I’d like to remember the great Chekhov and his play Three Sisters. The main character in that play says over and over, “Now life is terrible, we live in squalor, but in a hundred years, a hundred years, how beautiful, how fine everything will be.” And what has happened a hundred years later? We have Chernobyl; we have the World Trade towers collapsing. It’s a new age in history. What we have experienced now not only goes beyond our knowledge but also exceeds our ability to imagine.

We are turning into a civilization of fear. Because what is a disaster? A disaster is a high concentration of fear. The commodity that our civilization creates in the largest quantity today is fear. The things that are happening to us today are unbelievable. The human mind is incapable of grasping them: They happen with incredible speed. I worked as a journalist for ten years before I started writing books, and realized that you cannot capture with words and language what is going on. Words and language are smaller than the event.

I don’t know what it’s like here; I’m not familiar with American culture. But for people who live in Russia and in Slavic countries, the spoken word is extremely important. I began to understand that what I was hearing people say on the street and in the crowds was much more effectively capturing what was going on than anything I was reading in print. And I began to think that with what’s going on today, it would be impossible for one person to write the book that encompasses everything the way that Tolstoy or Dostoevsky was capable of doing in the nineteenth century. We need a book where lots of people can make a contribution; one person may speak half a page, someone else a paragraph or five pages.

I refer to my genre as “the novel of voices,” and you might say that my work is just simply lying outside on the ground: I go and pick it up and put it together. If Flaubert said, “I am a man of the plume,” I can say that I am a person of the ear. It’s become increasingly clear to me as I’ve worked in this genre, which I’ve done for thirty years now, that there is much about the human being that art cannot convey.

I’m interested in human feelings and human turmoil. I try to make a guess about what’s going on inside of people, and what has meaning for them and what causes them to suffer. Right after Chernobyl happened, when I made my first trips to that region, I saw dozens if not hundreds of journalists there, and I said to myself, “Those guys are going to put their books out really fast, but the book that I’m going to write will take years.” Indeed, I worked on the book for ten years. When I speak of these journalists’ work, I am talking about books filled with facts, with medical information. Because try as the Soviet authorities might to suppress that information, it did get out. Chernobyl gave rise to anticommunist books, anti-Russian books, books against the atom, but the most important lesson that we needed to learn from that event took more time to emerge.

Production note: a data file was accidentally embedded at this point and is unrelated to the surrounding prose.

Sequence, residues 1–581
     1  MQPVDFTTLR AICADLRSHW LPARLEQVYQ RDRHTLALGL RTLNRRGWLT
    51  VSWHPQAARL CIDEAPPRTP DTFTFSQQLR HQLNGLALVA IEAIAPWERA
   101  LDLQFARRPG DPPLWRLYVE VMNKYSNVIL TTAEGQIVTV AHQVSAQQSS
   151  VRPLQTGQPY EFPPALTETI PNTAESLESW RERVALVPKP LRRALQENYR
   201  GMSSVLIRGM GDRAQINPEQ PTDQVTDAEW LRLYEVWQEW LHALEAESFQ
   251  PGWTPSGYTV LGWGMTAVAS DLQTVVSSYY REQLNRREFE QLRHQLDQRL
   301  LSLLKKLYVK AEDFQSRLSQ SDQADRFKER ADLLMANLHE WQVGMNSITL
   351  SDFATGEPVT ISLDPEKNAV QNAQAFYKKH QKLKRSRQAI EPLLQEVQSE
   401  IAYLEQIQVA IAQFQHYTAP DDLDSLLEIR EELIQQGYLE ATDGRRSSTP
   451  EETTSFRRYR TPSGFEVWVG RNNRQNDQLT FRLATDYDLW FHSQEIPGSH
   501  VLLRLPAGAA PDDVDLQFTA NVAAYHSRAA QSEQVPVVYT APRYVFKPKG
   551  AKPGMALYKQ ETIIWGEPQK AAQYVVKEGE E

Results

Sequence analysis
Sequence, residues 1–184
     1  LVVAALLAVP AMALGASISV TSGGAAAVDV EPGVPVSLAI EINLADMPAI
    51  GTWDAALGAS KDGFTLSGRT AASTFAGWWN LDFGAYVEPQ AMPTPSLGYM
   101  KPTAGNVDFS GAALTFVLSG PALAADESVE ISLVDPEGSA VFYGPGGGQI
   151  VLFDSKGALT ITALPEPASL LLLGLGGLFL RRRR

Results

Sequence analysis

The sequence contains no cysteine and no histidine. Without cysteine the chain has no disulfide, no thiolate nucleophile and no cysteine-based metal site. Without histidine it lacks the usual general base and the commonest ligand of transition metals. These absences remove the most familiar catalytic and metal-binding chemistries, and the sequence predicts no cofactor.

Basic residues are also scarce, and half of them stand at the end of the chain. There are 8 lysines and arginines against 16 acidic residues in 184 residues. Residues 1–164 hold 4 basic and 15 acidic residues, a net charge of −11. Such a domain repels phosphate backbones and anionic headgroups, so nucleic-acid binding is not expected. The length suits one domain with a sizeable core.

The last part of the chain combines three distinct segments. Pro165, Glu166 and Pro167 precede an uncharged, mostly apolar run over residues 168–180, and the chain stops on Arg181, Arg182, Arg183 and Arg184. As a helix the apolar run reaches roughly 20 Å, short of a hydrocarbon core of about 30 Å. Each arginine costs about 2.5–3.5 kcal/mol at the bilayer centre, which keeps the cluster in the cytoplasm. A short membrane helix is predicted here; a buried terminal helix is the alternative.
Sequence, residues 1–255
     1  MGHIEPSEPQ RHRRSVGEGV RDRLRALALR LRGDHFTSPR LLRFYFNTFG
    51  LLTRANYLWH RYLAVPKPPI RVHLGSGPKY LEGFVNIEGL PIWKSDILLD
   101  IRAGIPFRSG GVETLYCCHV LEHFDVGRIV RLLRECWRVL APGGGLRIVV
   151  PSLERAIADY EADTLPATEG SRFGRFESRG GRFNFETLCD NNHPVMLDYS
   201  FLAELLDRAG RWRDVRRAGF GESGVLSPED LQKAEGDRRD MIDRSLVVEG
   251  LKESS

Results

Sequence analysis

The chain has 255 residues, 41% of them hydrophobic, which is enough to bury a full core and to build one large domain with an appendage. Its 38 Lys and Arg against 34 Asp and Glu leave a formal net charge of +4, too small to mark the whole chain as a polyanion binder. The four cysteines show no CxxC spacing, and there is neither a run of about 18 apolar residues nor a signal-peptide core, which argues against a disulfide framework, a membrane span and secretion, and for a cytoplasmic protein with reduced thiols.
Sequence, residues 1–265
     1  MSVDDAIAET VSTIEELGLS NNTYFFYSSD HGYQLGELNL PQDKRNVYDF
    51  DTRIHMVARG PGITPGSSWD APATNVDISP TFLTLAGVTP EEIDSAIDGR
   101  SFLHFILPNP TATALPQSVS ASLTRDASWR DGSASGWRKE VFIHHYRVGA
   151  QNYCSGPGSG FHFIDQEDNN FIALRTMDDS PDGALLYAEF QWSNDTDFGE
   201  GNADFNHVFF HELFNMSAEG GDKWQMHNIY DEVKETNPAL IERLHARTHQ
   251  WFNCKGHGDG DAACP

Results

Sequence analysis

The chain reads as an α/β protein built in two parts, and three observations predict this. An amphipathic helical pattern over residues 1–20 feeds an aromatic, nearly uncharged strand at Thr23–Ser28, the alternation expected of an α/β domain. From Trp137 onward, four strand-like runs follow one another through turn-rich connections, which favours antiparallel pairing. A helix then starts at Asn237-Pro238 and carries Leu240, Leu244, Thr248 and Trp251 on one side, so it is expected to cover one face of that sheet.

All of us found ourselves in terra incognita. Belarus, a patriarchal society based on the peasantry, was suddenly out there in front of the rest of the world. Imagine this incredibly crazy picture: A policeman is walking alongside a woman who carries a basket of eggs. He walks with her to make sure that she buries the eggs in the ground because they are radioactive. They buried milk, they buried meat, they buried bread; it was like an endless funeral procession for inanimate objects. Thousands of soldiers sliced off the top layer of the soil, which had been contaminated, and they buried it. They took ground and they buried it in the ground. And everyone who was involved turned into a philosopher because there was nothing in the human past that enabled us to deal with this situation. In the Zone, which is what the area surrounding the nuclear stations was called, everything looked as it had before. You had rivers, you had forest, you had earth, but you couldn’t walk through the forest. You couldn’t wade in the river. You couldn’t sit on the ground.

The feeling was that previously in the world, it had been humans who were in charge, who decided what they were going to kill and what they were going to spare. It was as if the earth had risen up and rebelled and was now taking charge. And you felt that you were surrounded by death, but death that had taken on a different guise, which you were incapable of understanding. Radiation is invisible; you cannot see it. It makes no sound; you cannot hear it. It does not have a odor; you cannot smell it. Our five senses, which equip us to protect ourselves, provided no assistance whatsoever.

For the first seven days after the disaster, the bees did not fly out of their hives and the worms burrowed down into the earth. The smallest creatures that creep and crawl on the earth understood what to do and that something was wrong, but we human beings, what did we do? We watched TV, we listened to Gorbachev, and we watched soccer. And we who work in the world of culture, we weren’t prepared either; we didn’t know how to tell people about what was happening, and people didn’t even know how to talk to each other about it.

The transcript of this event is available in its entirety in PEN America 7: World Voices.